First lady Michelle Obama sat down with a group of Chicago students participating in a job skills program and told the teens — most from the South Side — that she's not that different from them.
"To you all students, for having the courage to step outside your comfort zones —that was probably initially pretty scary, " Obama Thursday told 60 youths who are involved in Urban Alliance. "I know that feeling. I was you guys. I say that all the time — living on the South Side, looking at these buildings, wondering what was like to work in those offices."
Obama, Chicago Mayor Rahm Emanuel and his wife Amy Rule stopped at Urban Alliance to visit with the high school seniors just before noon at Columbia College in the South Loop on Thursday. Rule is co-chair of the Chicago board of Urban Alliance, an organization that mentors disadvantaged teens and places them in paid internships.
Urban Alliance is a nonprofit organization that was founded in 1996 in Washington, DC. Since then the organization has worked with more than 15,000 low-income students. The group plans to expand later this year.
In Chicago, the group provides a year-long program including paid internships, formal training and mentoring from influential local professionals.
These at-risk teens are paid minimum wage working in corporate America, but they're getting so much more out of their internships.
Steve O'Neill just graduated from Julian High School and now wants to go to college.
"The first thing that I learned was to dress myself professionally," O'Neill says. "The second thing that I learned was punctuality. Someone who is not on time is not dependable and someone who is not dependable is otherwise expendable because time and presentations waits for no one---preach!"
That add-on came from Michelle Obama. She praised the work of Urban Alliance.
Briana Miller told the first lady she shares her story.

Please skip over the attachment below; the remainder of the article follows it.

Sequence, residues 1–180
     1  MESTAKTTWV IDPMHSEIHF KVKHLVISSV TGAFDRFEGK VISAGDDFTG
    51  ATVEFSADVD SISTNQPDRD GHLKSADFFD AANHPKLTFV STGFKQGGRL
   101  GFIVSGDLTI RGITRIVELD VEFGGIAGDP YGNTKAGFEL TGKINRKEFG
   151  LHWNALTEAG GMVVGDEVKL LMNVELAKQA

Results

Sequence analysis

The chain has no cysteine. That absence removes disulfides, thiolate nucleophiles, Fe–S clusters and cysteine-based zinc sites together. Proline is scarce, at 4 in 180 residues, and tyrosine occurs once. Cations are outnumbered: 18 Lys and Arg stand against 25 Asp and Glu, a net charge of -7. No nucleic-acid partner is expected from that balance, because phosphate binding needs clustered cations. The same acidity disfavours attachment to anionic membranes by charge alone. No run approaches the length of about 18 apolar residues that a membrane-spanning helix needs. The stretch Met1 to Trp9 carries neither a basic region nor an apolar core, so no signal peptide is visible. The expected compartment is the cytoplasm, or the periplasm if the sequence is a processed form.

"I come from a modest background," Miller says. "I was raised in subsidized housing on Chicago's South Side and my family always pushed education first."
To laughter, the first lady said she could relate to Miller and spoke of her own experience: "Growing up on the South Side and then one minute on 74th and Euclid, the next minute in a dorm room at Princeton University, which is probably the ivyest of Ivy League."
But she told Miller, and the other students, to stay true to themselves.
"Don't feel like you have to change anything fundamentally about yourself," Obama said.
After all, she hasn't.
"I embrace my background and I want all of you to do that now wherever you go. You do not turn your back on what got you here," Obama said.
The White House says Obama's visit is part of her focus on youth empowerment.
The first lady was in Chicago earlier this year to talk about youth violence and has visited a high school on the city's South Side hit particularly hard by violence in the last school year. Mrs. Obama has also visited the city to promote her "Let's Move" program for the nation's kids.
The first lady and daughters Sasha and Malia were spotted at the United Center for Beyonce's concert Wednesday night.
The Associated Press and Sun-Times Media Wire contributed to this report.